Tagore, of course, had no such agenda. Tagore had also travelled to Mesopotamia in that same voyage and made a statement that India’s Muslims were not participating in the freedom struggle. Iqbal wrote on this:
“Tagore did another injustice to India’s Muslims. Complete freedom is not and, in the present circumstances, could not be the demand of Hindus alone. His (Tagore’s) sole aim is to secure complete control over the destinies of Indian minorities. That is what he means by freedom. And this freedom only means a change of masters for the minorities of India”.
Anyone who has studied Tagore would know that seeking to control the destinies of minorities through majoritarianism would have been an anathema to the Nobel laureate and the last thing on his mind.
Iqbal was also instrumental in coaxing and cajoling Muhammad Ali Jinnah to not only assume leadership of the Muslims of the sub-continent, but also embrace the two-nation theory and voice the demand for partition of India. At the time Iqbal first articulated this theory in 1930, Jinnah was still engaged in negotiations with the Indian National Congress (Iqbal frequently termed the Congress a ‘Hindu nationalist party’) to secure guarantees for Muslims. Iqbal was instrumental in convincing Jinnah to end his self-imposed exile in London (Jinnah, disgusted with petty squabbles between Muslim League leaders, left for London in 1930 and settled down to practice law there) and return to India.
One of his many letters to Jinnah beseeching him to return reads:
“You are the only Muslim in India today to whom the community looks up to for safe guidance through the storm which is coming to North West India and, perhaps, the whole of India”.
The point here is that while India’s left-liberal community would like to portray Iqbal as a secular leader, the fact is that Iqbal’s only concern was the political future of Muslims. He had no qualms in stating this in as many words. No wonder, then, that he’s regarded in Pakistan as the spiritual founder of that country. He’s officially known there as ‘Mufakkir-e-Pakistan’ (thinker of Pakistan) and ‘Hakeem-ul-Ummat’ (Sage of the Ummah).
Iqbal, commenting on the future of Muslims in India, wrote in Tolu-e-Islam (a politico-religious-social journal of Muslims):
“Muslims should strengthen Jinnah’s hands and join the Muslim League. The Indian question can be countered by our (Muslims’) united front against both the Hindus and the English”.
To him, both Hindus and the British were enemies bent on shackling the Muslims.
In his conversations with Ambedkar in the mid-1920s, Iqbal opposed one Indian Union with universal adult franchise and advocated the creation of autonomous Muslim provinces in the sub-continent. These provinces, he said, should be under the direct control of the British and not an Indian central government.
Iqbal wrote to Jinnah on June 21, 1937:
“A separate federation of Muslim provinces is the only course by which we can secure a peaceful India and save Muslims from domination by non-Muslims. Why should not the Muslims of North West India and Bengal be considered as nations entitled to self-determination just as other nations in India and outside India are?”
On some rare occasions, Iqbal was also critical of Jinnah for associating with leaders like Sir Sikandar Hyat Khan of Punjab (a liberal Muslim) who, felt Iqbal, was “not committed to Islam as the core political philosophy”. Iqbal was also critical of Khan Abdul Ghaffar Khan, also known as the ‘frontier Gandhi’, for being a liberal.
Significantly, Jinnah’s speech at the Lahore session of the Muslim League on 22 March, 1940 showed how much he was influenced by Iqbal.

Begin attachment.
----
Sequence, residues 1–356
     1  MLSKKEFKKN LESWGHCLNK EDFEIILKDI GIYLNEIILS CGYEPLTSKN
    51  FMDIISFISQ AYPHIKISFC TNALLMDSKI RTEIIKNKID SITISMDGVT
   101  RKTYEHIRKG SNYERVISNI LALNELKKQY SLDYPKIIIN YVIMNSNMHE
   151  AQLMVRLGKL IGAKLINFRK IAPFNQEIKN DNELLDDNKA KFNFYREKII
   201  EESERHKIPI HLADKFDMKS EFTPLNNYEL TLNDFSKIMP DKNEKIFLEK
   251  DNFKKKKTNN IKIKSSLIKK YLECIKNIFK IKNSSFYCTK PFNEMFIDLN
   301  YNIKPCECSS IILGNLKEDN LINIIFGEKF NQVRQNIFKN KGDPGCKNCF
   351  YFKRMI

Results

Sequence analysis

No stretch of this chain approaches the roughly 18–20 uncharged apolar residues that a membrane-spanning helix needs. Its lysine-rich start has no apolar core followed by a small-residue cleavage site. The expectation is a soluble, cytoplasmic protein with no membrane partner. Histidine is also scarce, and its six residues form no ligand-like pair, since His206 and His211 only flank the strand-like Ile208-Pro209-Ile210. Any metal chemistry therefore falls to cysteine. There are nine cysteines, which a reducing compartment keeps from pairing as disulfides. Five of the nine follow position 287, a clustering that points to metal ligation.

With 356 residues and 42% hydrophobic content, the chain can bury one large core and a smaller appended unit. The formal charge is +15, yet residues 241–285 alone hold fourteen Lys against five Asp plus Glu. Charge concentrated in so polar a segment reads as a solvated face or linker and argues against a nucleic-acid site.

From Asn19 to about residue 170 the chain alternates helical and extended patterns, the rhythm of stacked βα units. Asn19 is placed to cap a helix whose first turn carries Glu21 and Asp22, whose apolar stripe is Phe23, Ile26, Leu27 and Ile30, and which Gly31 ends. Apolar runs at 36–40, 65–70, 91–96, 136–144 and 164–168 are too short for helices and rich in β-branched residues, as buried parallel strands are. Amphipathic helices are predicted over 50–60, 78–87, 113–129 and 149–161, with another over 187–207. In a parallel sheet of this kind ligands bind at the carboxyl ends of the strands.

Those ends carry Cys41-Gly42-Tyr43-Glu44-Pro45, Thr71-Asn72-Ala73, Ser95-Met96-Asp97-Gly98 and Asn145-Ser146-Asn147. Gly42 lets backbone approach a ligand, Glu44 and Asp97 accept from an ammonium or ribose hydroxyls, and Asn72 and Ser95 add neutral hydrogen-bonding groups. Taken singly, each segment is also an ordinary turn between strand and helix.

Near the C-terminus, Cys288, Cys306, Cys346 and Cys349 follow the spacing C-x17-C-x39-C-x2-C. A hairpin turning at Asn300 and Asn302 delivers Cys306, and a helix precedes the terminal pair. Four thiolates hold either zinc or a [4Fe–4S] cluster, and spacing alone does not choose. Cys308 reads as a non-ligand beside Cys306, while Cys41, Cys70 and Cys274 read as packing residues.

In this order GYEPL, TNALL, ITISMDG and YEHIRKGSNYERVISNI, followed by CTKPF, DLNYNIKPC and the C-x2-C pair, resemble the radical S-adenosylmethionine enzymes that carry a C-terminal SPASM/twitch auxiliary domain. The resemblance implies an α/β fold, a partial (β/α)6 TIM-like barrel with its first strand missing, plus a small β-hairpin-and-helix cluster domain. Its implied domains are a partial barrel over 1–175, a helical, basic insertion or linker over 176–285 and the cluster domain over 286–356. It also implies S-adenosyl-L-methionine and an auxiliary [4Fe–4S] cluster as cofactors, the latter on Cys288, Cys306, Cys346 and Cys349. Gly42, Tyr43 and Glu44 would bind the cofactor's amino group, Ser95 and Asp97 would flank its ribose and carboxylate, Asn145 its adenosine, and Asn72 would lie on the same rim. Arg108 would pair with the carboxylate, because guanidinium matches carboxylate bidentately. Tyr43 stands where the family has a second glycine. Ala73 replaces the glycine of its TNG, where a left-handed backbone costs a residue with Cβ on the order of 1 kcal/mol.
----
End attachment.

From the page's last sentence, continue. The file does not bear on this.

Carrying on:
“We maintain and hold that Muslims and Hindus are two major nations by any definition or test of a nation. We (the Muslims) are a nation of a hundred million and what is more, we are a nation with our distinct culture and civilization, language and literature, art and architecture, names and nomenclature…”
Jinnah’s address to the 1940 session of the League, a part of which is quoted above, was heavily influenced by an article Iqbal in 1936. This appeared in the journal Tolu-e-Islam, of which Iqbal was a patron.
Jinnah, of course, bade farewell to the two-nation theory—on August 11, 1947; he spoke of a composite Pakistani nationalism, negating faith-based nationalism. Jinnah spoke of how all minorities in a Muslim-majority Pakistan would be guaranteed equal political, social and religious rights and that the new nation (Pakistan) would not be based on religion!
Iqbal’s premise that Hindus and Muslims cannot co-exist as one nation has been proved utterly wrong by India’s Muslims. The two-nation theory that he advocated was proved hollow once again in 1971—Islam could not bind East and West Pakistan together. Altaf Hussain of Pakistan’s Muttahida Quami Movement (MQM) puts this succinctly:
“The idea of Pakistan (born out of Iqbal’s two-nation theory) was dead at its inception when the majority of Muslims (in the Muslim-minority ares of India) chose to stay back in India after Partition, a truism reiterated in the creation of Bangladesh in 1971”.
How, then, can Iqbal be called great? How can he be called secular? How can he be called an advocate of Hindu-Muslim harmony? How can a person who advocated a dangerous theory that resulted in so much grief and bloodshed be called great?
And ultimately, how can a person whose theory has proved to be such an utter failure be elevated to a pedestal? It is fine for Pakistan to idolize Iqbal. But should Indians do the same? Iqbal, in the final analysis, may have written a lovely poem when he was a young lad of 27 in 1904, but for the majority of his adult life (from the age of 32 till he died at the age of 61) he was primarily a regressive, narrow-minded Islamist who was responsible, perhaps more than Jinnah, for the partition of India. It is a shame that an Indian Chief Minister chose to honour such a person for her selfish short-term, political objectives.
Also read: The Myth of Muhammad Iqbal
Note: An earlier version of this piece wrongly attributed parts of Jinnah’s 1940 address to the Muslim League session to Iqbal. That error has now been corrected.